By 2016, Republican voters had swung behind Donald Trump, an ardent denier whose decision to withdraw from the Paris Agreement was reportedly influenced by the Heartland Institute. On the campaign trail, Trump had claimed that climate change was a hoax perpetrated by the People’s Republic of China, reflecting the growing trend of conspiratorial beliefs in denialism.

Behind the industry-friendly facts and figures of the early 21st century, climate denialism had long had an element of conspiracy thinking. Decades later, the increasing acceptance that scientists are in agreement on climate change appears to have required the expansion of these beliefs, with the idea that climate change is a falsehood propagated by shadowy elites now a common theme in the sprawling mythology of modern-day conspiracy theories. Although the exact motivation for this varies according to the specific conspiracy, the general notion is that climate change regulation is part of the encroaching tyranny, such as the creation of a world government or forced depopulation.

Moreover, the general decentralisation of politics through social media has created a new generation of climate denialists, who are less tied to established think-tanks such as the Competitive Enterprise Institute. Instead, a study by the Center for Countering Digital Hate identified ten organisations responsible for the bulk of the interactions with denialist content on Facebook. Of the ten, only two were noted as historical recipients of industry funding, while the rest included newer outlets such as Breitbart News and The Daily Wire.

With industry pulling back from denialism, their support has been replaced by a self-funding system based on online monetisation, with the ten outlets earning an estimated $5.3 million in ad revenue from March to November 2021. Driven by these changing factors, climate denialism has moved on from the conferences and think-tanks of the early 2000s, towards a new generation orientated towards social media. During a heat wave in Europe earlier this year, news reports of temperatures over 30°C were angrily disputed online. Most notably, on X, formerly known as Twitter, conspiracy theorist Robin Monotti claimed that the media was basing their numbers on ground temperature, which is typically higher than air temperature. The lengthy tweet was seen 1.8 million times according to X metrics, fuelling further attacks from other figures who continue to promote denialism.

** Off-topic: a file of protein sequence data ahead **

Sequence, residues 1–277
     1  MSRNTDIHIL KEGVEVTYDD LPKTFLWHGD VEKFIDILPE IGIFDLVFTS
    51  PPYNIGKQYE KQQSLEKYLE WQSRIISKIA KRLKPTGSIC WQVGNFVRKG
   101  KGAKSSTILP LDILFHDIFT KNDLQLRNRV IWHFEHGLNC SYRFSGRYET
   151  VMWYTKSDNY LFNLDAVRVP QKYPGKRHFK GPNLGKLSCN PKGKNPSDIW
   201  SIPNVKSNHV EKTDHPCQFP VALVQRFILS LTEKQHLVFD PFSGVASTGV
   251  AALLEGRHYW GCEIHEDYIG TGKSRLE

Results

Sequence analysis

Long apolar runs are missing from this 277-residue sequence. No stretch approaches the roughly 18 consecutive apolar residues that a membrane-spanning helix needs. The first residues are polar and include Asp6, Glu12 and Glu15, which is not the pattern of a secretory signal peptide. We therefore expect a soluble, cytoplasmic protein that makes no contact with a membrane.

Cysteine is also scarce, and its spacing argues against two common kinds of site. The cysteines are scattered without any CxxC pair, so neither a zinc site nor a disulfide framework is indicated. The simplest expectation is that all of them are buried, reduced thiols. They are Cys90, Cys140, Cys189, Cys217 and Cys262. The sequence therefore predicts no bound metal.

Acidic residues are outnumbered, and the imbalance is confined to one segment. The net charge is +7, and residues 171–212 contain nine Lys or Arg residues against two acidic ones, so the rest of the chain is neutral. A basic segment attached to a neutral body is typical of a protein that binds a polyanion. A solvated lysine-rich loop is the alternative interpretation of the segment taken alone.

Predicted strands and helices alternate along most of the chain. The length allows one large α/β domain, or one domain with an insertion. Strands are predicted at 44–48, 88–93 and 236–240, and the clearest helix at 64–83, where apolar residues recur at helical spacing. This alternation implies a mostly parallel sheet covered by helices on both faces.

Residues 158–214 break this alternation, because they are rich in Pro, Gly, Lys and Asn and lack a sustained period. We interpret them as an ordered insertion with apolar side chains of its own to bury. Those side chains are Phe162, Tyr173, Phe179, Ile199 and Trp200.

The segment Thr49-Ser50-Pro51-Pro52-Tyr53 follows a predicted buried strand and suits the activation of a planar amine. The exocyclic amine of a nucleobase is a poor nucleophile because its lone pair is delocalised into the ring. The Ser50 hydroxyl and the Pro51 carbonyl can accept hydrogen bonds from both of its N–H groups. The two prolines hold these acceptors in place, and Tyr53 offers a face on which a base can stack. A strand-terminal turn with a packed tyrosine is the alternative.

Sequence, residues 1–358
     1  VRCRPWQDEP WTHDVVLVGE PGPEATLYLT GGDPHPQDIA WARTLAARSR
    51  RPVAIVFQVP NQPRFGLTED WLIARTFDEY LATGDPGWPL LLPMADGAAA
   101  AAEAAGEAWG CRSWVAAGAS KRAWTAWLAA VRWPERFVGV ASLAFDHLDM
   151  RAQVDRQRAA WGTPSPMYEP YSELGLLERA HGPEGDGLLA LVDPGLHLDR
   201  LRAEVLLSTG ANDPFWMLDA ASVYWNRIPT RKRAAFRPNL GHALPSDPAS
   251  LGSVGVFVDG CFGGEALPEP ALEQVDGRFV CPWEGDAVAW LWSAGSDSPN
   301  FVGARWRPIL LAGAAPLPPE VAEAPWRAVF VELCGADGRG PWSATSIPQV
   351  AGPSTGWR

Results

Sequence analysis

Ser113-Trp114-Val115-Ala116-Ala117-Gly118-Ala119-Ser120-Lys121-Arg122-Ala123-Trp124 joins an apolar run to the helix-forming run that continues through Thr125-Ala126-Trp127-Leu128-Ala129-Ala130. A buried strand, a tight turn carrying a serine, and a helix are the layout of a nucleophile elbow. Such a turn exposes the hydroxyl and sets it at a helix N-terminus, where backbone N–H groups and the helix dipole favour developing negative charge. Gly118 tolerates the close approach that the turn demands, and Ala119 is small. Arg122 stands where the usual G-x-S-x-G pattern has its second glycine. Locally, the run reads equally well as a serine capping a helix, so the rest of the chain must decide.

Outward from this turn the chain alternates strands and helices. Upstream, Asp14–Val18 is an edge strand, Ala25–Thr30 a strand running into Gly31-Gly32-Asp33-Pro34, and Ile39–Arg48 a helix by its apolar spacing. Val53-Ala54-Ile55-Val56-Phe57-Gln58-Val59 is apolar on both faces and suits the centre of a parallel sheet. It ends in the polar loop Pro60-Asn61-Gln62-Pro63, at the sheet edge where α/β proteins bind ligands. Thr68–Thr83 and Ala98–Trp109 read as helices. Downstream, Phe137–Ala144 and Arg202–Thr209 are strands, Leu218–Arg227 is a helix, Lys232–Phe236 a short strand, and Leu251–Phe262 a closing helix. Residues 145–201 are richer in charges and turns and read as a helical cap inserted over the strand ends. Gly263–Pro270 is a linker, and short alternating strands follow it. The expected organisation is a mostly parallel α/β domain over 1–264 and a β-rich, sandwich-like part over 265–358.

Monotti, also an executive producer of River of Freedom, a sympathetic documentary about the 2022 Wellington protest, reflects the recent developments in climate denialism. Although they echo the arguments put forward in the earlier years of the 21st century, they are less bound by institutional forces such as the Reagan-era think-tanks. Instead, they act as more independent operators, which is may be something of a silver lining. Whereas denialism as a political force was once organised towards a shared goal of opposing specific policies, it now exists as one of many conspiracies, which can often compete with each other for attention. Simultaneously, the fact that climate denialism has adapted to survive in a digital era means that it remains relevant at a time when the effects of the sciene it rejects continue to push their way into public debate.


Ben Goldson is a research assistant for Ngā Ara Whetū at the University of Auckland.

The ideas expressed in this article reflect the author’s views and are not necessarily the views of The Big Q.